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JAMA. 1907;XLIX(1):10-13. doi:10.1001/jama.1907.25320010010002a.
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Our problem is not the mere restoration of vision in a cataractous eye, as this may occur from absorption of the cortex or in traumatic opacity; nor is it the clearing of a diffuse cloudiness of the lens, as this has been observed to follow correction of eyestrain. It is rather the partial or complete transformation of opaque striæ with diffuse opacity into clear lens. Such opacities are seen in the lenses of individuals past middle life, and in some cases are associated with such general diseases as diabetes, Bright's disease, syphilis, and arteriosclerosis; some with uncorrected refractive defects, and others with as yet undefined conditions.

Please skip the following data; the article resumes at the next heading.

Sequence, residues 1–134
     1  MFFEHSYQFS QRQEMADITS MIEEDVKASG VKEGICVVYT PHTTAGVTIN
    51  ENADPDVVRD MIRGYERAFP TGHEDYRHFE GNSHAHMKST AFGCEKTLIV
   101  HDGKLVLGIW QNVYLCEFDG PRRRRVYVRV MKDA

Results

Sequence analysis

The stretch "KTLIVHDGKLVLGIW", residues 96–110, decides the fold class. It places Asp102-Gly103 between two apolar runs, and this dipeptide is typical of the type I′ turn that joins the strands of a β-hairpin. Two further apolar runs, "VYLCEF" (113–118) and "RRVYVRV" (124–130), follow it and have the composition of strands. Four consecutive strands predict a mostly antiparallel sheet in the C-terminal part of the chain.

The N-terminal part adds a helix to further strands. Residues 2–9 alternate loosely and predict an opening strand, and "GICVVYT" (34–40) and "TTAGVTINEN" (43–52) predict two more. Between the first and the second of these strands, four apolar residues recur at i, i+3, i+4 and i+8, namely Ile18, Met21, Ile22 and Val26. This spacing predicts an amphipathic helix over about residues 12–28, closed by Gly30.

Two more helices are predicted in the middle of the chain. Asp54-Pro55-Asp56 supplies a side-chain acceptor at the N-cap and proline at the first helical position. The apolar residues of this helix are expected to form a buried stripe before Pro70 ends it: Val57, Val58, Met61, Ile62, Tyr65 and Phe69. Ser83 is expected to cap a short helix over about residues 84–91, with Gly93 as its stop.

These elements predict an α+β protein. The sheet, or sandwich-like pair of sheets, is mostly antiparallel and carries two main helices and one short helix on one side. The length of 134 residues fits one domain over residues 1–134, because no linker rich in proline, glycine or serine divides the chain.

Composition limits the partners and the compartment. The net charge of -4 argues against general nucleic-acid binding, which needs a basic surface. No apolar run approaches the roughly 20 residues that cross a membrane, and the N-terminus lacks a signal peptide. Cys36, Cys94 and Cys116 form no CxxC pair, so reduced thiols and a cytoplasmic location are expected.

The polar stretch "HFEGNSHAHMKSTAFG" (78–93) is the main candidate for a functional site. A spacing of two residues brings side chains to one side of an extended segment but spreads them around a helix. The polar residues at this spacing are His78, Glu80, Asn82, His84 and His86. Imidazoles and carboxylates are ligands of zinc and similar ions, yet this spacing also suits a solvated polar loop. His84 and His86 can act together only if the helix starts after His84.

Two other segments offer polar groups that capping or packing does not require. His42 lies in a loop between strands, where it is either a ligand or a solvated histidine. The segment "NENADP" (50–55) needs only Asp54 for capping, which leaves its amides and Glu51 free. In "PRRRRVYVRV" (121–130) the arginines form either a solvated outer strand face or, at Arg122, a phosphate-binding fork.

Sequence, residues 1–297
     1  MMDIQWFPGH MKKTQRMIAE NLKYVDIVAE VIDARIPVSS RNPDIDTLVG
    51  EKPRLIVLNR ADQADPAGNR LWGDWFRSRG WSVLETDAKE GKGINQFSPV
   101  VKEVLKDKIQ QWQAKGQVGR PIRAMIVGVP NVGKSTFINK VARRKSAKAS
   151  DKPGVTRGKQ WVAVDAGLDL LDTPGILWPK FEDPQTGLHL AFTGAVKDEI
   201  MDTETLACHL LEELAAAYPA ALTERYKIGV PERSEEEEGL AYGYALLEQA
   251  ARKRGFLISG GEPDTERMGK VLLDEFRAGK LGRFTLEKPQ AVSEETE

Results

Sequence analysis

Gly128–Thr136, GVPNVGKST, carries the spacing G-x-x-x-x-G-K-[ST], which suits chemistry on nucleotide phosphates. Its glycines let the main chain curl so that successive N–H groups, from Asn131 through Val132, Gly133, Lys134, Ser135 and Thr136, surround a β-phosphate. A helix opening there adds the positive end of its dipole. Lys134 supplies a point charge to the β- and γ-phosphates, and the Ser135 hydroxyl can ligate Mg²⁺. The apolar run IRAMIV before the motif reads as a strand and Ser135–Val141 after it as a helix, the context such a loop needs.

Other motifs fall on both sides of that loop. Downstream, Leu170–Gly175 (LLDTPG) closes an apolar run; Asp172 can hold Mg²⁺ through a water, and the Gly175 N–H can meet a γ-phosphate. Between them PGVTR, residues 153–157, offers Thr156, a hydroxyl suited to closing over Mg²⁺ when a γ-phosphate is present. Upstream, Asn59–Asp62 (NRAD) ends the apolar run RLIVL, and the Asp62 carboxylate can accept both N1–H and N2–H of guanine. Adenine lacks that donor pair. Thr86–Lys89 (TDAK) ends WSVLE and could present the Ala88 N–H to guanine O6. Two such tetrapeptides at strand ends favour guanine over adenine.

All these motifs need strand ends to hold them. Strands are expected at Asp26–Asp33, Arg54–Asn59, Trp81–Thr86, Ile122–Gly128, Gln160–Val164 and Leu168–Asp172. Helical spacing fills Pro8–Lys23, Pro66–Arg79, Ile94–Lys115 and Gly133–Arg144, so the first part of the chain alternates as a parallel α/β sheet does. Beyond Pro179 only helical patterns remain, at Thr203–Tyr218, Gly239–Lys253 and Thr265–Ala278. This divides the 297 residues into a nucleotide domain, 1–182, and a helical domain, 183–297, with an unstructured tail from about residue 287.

Progress, in the non-surgical management of incipient cataract, calls for the settlement of two questions:

First. Do the opaque striæ of incipient cataract ever become transformed into transparent lens?

Second. What are the conditions under which transformation occurs?

If the striated opacity of incipient


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